BARRIERS TO THE ADOPTION OF SOIL CARBON SEQUESTRATION PROJECTS IN VICTORIA, AUSTRALIA
AffiliationOffice for Environmental Programs
Document TypeMasters Coursework thesis
Access StatusOnly available to University of Melbourne staff and students, login required
© 2020 Adelina Lawrence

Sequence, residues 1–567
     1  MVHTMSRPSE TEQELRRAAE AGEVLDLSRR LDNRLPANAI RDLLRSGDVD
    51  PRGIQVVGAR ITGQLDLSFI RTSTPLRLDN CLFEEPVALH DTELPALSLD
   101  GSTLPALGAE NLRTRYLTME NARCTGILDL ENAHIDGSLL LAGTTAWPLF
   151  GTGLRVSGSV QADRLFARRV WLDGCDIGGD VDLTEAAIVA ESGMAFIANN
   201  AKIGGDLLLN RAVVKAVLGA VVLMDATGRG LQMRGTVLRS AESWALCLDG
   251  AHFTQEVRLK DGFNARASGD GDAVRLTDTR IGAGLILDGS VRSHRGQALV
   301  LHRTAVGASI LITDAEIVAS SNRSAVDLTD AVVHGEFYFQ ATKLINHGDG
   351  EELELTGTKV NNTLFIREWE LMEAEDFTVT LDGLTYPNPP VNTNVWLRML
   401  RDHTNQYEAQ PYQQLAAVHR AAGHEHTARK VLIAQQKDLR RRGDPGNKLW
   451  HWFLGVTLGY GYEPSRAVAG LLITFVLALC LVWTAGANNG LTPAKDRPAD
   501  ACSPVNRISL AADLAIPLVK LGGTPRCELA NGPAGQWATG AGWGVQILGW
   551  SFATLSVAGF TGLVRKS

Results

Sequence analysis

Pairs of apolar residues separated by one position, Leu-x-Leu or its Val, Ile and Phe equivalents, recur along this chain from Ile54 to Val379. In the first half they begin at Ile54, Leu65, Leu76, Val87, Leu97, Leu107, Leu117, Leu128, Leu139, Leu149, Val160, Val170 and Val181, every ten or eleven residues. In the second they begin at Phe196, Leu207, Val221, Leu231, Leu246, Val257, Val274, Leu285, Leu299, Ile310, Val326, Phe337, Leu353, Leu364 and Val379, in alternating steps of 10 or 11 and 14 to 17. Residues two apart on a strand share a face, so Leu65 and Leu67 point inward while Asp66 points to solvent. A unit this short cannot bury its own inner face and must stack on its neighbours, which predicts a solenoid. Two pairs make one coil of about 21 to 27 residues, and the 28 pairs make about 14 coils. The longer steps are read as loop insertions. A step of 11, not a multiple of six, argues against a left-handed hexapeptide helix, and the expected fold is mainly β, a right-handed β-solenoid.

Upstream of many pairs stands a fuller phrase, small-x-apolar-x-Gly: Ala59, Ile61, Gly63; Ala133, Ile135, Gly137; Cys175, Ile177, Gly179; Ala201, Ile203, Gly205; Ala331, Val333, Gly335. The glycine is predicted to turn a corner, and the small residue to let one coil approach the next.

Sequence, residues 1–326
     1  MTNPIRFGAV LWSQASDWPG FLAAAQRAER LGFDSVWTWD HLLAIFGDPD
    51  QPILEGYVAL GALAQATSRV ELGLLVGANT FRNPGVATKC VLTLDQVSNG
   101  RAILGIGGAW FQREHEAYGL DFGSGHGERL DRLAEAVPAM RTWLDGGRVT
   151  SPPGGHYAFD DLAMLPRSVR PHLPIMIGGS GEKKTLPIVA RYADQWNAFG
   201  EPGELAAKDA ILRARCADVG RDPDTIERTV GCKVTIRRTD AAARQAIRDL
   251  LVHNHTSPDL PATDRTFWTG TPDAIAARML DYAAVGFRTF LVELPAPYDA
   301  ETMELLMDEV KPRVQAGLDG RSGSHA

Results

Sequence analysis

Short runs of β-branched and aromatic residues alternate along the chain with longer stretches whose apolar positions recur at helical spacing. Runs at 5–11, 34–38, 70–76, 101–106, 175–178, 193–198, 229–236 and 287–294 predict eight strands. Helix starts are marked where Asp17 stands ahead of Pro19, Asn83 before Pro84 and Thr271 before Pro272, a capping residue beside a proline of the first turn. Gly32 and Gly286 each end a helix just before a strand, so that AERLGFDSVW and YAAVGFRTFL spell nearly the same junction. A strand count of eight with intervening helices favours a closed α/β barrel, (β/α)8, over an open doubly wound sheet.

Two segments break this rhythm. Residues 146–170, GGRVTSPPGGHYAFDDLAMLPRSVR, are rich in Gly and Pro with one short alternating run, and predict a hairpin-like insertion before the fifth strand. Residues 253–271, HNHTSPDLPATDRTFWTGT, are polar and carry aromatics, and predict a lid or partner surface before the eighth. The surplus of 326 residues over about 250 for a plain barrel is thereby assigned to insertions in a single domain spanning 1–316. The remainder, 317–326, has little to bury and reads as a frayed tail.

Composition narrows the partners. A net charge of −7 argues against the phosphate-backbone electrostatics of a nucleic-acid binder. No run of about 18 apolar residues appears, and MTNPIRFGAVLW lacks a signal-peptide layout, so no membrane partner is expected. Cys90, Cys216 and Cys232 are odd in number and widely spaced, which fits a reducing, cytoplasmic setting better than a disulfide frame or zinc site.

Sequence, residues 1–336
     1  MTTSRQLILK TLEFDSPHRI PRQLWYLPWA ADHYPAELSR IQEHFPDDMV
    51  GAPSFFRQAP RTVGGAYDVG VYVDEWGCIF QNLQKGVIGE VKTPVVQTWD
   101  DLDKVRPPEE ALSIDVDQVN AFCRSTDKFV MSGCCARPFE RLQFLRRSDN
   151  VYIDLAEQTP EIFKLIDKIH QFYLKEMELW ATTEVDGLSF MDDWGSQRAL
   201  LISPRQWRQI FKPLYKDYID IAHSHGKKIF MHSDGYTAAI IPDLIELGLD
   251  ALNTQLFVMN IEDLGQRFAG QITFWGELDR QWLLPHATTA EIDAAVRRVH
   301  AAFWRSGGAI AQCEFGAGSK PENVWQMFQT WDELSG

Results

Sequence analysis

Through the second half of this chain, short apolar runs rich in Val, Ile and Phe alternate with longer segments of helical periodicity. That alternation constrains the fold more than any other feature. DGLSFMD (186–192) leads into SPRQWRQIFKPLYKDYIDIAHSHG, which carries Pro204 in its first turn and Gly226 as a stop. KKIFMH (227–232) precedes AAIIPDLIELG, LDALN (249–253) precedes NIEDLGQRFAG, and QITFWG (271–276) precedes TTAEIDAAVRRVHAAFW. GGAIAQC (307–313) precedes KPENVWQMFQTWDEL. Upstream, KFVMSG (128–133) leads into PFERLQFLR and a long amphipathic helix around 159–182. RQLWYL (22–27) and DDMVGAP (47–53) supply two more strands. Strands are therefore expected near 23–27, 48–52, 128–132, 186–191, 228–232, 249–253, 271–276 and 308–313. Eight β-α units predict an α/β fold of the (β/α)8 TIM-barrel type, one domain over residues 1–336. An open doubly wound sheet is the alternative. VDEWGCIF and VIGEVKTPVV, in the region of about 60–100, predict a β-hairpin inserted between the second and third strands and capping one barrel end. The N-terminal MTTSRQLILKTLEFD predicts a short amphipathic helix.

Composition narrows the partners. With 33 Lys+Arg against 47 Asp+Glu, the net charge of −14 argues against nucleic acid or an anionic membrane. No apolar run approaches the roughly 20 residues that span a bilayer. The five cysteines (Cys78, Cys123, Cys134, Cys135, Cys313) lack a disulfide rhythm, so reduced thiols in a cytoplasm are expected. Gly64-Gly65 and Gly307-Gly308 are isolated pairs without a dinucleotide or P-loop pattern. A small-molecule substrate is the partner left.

The potential of soil carbon sequestration (SCS) as a method to reduce greenhouse gas emissions has been globally recognised through the establishment of various policy initiatives. The success of these policies is largely dependent on the participation of farmers and landholders. In Australia, the government introduced policies such as the Emissions Reduction Fund, and the Carbon Farming Initiative in order to incentivize the adoption of SCS practices. Despite these legislative developments and their associated positive incentives, the widespread adoption of these practices has so far not been realised, suggesting that there are substantial barriers that prevent farmers and landholders from adopting SCS projects. This literature review will focus on assessing these barriers in Victoria, as the state has engaged the lowest percentage of SCS project proponents among all Australian states. The review will also address these impediments at the catchment scale by using the Goulburn Broken Catchment (GBC) as a case study. By reviewing policies, strategies, and legislation relevant to SCS in Victoria, five key components have been identified under which the barriers to adoption are associated. They include project requirements and liabilities, additional costs and economic risks, issues with carbon markets, lack of information and trust, and farmer perceptions and motivations. In addition to these barriers, within the GBC the misalignment of SCS with the catchment’s priorities, and lack of integration of actions have also been identified as important constraints. To mitigate these barriers the review concludes with a brief outline of the changes that are required in policy and government initiatives to stimulate the widespread uptake of SCS projects and allow these projects to play a significant role in meeting Australia’s emission reductions targets. Furthermore, research is also warranted on the perspectives of farmers and landholders within the land sectors of Victoria to better understand and mitigate these barriers to SCS project adoption.
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